nal scrutiny or not. What does it mean to act from a higher-order state? Importantly, this higher-order state cannot simply operate counterfactually or hypothetically. If I decide to φ but simply on the basis of a first-order desire or motivation, this will not count as an autonomous choice on the non-deliberative model even if it’s the case that, in fact, I had the disposition to value the act in question or the goods at which the act aims. Autonomy cannot be assigned to a choice via this kind of counterfactual endorsement. To act from a higher-order evaluative state is for that evaluative state to at least in part explain, or take a causal role in the production of, the act in question. Indeed, this reflects the concept of autonomy generally: if I drift through life, never having chosen on the basis (or as a result of) of my beliefs about value, say, I have failed to live autonomously despite the fact that I may in fact possess the disposition to value the act. In this sort of case, the fact that I acted in a way I would have endorsed (as a result of, say, my evaluative beliefs) is a lucky accident, not evidence that I have acted autonomously. Kymlicka suggests the non-deliberative model: for Kymlicka, autonomous lives are led ‘from the inside, according to my beliefs about value’. This does not require any form of rational or internal mechanism or process of deliberation but it does require, at the very least, that choices are made on the basis of higher-order evaluations. Wall suggests a similar view.18 In addition, though he seems to find the deliberative model plausible, Sher’s official account of autonomy is compatible with a looser, non-deliberative model of control: ‘autonomous agents are selfdirecting in the more stringent sense of exercising their will on the basis of good reasons. . . we can make the most sense of what most of us believe about autonomy—our disagreement as well as our agreement—if we adopt the hypothesis that in this context ‘self-directed activity’ means ‘activity that is motivated by an agent’s appreciation of reasons provided by his situation.’19 The fact that partisans of VAT accept different models of the nature of autonomy suggests something of a challenge for those wishing to argue against it. One way to proceed would be to argue in favor of either the deliberative or non-deliberative model as the best account of autonomy and show that the presence of autonomy according to this model is not intrinsically valuable. This is not my strategy. I will argue that lives that are lacking in either the non-deliberative or deliberative model of control are no less valuable than equivalent lives that maintain both the deliberative and non-deliberative models of autonomous control. If this is correct, VAT fails regardless of the precise account of autonomy on offer. This argumentative strategy will be reflected in the arguments I present throughout. In the next section, I consider an important argument for VAT, and ar6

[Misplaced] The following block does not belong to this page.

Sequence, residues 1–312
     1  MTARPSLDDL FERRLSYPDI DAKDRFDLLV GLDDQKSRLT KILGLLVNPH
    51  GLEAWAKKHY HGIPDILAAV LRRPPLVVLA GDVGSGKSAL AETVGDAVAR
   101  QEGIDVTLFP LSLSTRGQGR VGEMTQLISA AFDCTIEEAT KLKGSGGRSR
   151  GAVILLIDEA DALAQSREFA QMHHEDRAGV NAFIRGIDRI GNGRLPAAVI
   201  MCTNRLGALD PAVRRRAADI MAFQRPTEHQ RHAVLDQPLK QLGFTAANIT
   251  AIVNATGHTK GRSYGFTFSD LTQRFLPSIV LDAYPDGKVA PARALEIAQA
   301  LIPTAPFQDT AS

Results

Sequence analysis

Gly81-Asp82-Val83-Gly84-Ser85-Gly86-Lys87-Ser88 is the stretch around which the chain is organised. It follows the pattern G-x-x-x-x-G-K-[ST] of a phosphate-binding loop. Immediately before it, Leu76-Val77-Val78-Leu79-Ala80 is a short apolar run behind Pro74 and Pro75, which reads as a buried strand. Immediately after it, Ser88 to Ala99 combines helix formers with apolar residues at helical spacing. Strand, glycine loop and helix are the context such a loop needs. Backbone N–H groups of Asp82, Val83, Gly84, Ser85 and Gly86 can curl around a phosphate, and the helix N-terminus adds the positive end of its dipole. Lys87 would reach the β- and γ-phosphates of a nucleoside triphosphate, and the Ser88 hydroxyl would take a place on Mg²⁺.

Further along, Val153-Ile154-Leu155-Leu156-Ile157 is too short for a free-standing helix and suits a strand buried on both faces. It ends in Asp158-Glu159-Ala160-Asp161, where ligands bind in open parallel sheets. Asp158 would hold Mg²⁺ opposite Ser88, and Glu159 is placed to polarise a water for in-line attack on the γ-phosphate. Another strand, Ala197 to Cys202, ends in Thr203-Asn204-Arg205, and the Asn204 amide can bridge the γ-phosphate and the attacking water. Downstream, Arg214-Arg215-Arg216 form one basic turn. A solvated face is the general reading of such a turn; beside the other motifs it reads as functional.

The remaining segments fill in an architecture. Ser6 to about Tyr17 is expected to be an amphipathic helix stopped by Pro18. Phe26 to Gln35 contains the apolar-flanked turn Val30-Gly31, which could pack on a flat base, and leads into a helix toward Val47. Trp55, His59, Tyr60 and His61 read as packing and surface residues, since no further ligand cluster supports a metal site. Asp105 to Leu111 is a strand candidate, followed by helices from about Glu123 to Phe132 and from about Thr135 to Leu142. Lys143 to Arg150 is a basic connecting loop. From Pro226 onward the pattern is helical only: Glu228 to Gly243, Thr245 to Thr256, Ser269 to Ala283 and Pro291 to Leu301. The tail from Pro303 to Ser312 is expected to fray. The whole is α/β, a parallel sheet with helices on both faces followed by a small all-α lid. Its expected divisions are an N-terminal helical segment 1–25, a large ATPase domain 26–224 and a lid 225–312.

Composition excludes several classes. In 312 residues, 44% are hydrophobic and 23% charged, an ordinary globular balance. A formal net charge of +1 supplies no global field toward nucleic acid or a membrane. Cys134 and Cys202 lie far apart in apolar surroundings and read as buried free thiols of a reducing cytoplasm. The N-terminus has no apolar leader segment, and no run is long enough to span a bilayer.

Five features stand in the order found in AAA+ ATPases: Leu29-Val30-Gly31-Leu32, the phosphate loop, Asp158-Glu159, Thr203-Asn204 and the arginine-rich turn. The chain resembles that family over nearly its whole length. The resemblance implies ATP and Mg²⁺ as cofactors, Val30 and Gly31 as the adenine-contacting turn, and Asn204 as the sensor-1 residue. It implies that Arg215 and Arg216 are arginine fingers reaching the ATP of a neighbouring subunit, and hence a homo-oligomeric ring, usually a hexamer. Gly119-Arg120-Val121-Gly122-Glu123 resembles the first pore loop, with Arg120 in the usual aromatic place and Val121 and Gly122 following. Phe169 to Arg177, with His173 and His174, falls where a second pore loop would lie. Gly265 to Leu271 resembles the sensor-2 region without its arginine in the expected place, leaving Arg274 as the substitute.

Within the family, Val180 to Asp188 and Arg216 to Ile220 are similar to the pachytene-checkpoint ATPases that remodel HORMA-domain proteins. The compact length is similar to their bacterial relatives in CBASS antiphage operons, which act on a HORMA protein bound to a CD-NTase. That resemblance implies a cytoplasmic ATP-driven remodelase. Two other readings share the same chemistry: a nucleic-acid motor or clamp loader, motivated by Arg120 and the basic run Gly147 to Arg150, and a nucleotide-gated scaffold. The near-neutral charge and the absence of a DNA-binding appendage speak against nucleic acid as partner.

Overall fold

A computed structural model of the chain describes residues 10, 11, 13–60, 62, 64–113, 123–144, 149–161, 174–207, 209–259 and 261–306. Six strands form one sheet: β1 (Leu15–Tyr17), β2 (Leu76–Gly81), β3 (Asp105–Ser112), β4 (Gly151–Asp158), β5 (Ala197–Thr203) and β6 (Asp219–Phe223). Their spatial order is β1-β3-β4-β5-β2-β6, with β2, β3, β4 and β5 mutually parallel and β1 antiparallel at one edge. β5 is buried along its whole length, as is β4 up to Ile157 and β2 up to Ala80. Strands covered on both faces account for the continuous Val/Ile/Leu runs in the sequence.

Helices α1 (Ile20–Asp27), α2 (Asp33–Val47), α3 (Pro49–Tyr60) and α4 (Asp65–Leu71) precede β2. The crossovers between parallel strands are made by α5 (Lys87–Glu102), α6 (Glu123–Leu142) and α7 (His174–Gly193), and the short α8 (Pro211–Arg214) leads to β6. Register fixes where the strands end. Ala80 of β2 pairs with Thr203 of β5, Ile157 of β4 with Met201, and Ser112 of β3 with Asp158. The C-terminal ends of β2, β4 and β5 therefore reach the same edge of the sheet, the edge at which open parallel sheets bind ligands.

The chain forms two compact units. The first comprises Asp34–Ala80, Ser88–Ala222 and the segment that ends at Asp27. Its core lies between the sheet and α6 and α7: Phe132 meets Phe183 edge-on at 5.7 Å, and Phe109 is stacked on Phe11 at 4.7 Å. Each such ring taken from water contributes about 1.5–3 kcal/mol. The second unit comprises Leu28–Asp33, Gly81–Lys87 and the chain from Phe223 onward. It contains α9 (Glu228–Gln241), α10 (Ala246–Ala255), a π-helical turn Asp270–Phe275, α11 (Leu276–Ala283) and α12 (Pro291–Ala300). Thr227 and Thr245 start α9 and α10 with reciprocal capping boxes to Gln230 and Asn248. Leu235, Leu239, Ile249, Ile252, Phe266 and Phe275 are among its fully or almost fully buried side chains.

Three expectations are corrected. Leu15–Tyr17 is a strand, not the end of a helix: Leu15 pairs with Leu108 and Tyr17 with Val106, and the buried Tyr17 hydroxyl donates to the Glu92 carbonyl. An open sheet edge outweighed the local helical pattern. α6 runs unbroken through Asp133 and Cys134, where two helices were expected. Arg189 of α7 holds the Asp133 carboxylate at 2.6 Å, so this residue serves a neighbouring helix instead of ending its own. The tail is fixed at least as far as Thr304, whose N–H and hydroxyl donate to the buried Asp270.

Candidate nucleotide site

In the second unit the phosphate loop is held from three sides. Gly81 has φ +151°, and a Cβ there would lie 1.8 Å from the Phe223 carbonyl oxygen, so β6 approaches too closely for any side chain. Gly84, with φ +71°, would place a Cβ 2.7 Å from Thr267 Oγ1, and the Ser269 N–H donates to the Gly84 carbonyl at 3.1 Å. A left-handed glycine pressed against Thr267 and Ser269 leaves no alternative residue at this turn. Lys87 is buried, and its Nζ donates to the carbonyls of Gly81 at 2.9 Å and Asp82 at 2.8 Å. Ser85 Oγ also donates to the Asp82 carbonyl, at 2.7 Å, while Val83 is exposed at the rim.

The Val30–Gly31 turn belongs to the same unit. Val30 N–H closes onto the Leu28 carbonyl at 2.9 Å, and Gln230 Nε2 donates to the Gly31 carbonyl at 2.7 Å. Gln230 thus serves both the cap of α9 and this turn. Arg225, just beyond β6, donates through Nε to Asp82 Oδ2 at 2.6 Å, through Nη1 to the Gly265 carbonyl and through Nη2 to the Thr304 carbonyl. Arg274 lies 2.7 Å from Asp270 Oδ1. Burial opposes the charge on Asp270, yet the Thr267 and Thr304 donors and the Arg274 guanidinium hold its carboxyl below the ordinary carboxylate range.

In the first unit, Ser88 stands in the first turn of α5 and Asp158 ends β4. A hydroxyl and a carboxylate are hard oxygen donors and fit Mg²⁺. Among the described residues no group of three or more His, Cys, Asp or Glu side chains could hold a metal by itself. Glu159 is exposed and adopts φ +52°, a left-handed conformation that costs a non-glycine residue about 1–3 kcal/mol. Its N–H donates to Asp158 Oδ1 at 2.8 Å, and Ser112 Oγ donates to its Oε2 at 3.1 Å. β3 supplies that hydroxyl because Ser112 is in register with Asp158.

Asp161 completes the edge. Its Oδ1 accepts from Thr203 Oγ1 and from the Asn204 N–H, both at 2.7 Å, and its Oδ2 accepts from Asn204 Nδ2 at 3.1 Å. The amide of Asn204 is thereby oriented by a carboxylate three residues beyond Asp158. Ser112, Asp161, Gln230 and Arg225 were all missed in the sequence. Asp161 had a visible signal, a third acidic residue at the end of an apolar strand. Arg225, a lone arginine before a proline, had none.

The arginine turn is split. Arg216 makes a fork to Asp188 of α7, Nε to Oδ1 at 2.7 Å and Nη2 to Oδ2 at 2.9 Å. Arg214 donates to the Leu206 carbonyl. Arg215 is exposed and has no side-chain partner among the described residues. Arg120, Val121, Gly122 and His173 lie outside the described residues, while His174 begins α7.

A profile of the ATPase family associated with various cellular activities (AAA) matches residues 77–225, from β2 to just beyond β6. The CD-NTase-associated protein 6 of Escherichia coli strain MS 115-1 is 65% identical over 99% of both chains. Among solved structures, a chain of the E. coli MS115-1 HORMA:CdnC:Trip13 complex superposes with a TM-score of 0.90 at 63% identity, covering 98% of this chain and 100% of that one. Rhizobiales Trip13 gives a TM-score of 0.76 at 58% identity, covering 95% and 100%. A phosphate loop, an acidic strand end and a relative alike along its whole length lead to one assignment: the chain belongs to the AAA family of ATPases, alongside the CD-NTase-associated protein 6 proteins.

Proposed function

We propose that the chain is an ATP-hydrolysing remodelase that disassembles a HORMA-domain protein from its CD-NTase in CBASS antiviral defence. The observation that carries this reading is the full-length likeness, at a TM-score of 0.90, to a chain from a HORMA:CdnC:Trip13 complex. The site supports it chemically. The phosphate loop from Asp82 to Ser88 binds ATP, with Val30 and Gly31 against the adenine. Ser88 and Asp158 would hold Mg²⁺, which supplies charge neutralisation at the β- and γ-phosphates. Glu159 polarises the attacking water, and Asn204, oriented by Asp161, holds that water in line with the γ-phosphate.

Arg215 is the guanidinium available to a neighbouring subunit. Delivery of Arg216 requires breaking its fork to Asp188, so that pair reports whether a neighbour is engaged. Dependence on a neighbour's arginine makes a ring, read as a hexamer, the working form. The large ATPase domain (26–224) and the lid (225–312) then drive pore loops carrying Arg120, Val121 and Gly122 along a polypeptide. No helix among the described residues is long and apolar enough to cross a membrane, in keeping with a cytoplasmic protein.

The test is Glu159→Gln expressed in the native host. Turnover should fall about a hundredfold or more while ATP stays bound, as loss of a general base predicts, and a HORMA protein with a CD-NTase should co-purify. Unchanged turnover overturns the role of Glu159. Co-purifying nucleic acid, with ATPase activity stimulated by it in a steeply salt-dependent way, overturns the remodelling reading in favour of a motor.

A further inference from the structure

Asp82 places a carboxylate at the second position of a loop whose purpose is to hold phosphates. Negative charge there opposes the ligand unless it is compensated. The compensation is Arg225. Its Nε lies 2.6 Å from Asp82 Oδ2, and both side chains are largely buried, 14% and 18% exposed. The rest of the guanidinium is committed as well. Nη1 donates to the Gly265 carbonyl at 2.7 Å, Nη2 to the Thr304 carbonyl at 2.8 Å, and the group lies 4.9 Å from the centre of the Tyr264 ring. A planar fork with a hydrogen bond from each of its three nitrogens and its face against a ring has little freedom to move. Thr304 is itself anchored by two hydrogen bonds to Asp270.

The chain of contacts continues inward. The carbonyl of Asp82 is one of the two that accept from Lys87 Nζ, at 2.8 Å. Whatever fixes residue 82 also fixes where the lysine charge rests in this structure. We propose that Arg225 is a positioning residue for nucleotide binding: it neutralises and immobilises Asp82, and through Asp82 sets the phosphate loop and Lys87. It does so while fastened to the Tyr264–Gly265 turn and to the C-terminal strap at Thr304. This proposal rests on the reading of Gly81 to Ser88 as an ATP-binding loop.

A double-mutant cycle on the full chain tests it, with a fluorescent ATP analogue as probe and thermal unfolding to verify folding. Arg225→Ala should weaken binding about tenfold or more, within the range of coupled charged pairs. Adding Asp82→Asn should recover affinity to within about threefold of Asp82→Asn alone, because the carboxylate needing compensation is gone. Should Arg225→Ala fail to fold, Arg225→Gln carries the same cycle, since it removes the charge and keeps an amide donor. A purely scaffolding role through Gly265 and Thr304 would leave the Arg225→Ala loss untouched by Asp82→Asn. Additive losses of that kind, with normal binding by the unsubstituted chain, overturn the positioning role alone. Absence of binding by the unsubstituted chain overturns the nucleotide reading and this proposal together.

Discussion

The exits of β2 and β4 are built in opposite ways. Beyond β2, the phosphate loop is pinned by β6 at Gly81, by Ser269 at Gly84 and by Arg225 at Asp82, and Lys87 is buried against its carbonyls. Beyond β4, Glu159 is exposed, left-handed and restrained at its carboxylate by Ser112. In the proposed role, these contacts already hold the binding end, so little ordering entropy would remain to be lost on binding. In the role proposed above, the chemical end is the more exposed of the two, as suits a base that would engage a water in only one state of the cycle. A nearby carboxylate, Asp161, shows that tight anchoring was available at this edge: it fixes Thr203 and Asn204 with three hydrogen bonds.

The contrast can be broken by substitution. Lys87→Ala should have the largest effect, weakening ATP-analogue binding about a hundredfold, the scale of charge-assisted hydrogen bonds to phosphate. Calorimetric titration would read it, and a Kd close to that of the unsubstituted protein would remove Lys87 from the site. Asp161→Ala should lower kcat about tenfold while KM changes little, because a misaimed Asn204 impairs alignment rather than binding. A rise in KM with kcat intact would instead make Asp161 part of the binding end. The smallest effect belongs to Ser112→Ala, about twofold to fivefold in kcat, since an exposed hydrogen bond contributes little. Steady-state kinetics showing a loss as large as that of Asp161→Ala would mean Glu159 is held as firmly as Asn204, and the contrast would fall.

gue that it rests on a mistake: a confusion between autonomous choice and non-autonomous, but nevertheless self-directed, choice. I then argue that this mistake is much more widespread. Without this error, VAT is much less plausible than might initially be thought. 2. The Argument from Deference The most powerful argument for VAT—or, at least, the one I find most powerful—is the argument from deference. Wall gives the argument from deference its clearest formulation. Wall writes: Suppose that you are wise and that you have an excellent understanding of what is good for me. You know my talents, temperament and vulnerabilities and you know what types of projects would best suit my nature. Further suppose I know that you are a person of good will who cares about my well-being. Given these facts, we can ask: Would my life go better if I let you take control of it? Would it be a better life if I always turned to you for direction as to what I should do before I took up any project or commitment? Most of us strongly think the answers to these questions are ‘no.’ It can be reasonable to defer to the judgment of others some of the time in some circumstances; but a person who surrendered his or her judgment in all contexts would not lead a fully good human life.20 Wall asks us to consider turning over our lives to the deliberation and decisionmaking of another person who happens to be wise and benevolent, and hence would be trusted to make decisions that would garner substantial non-autonomy welfare benefits. He then asks whether it would be better for us to so turn over our lives, and answers ‘no’. On this point, Wall offers a specific case: Person A is wise and has self-knowledge. He chooses projects that suit his nature and reflect his understanding of what is valuable and worthwhile. Person A leads a good, morally decent, life. Person B is also wise and has self-knowledge. But she finds the process of decision-making irksome and does not enjoy making important life decisions. Fortunately, Person B has a friend with the requisite wisdom, knowledge and good will to make these decisions for her. Person B lets this friend take over her affairs and she leads a good, morally decent, life. 7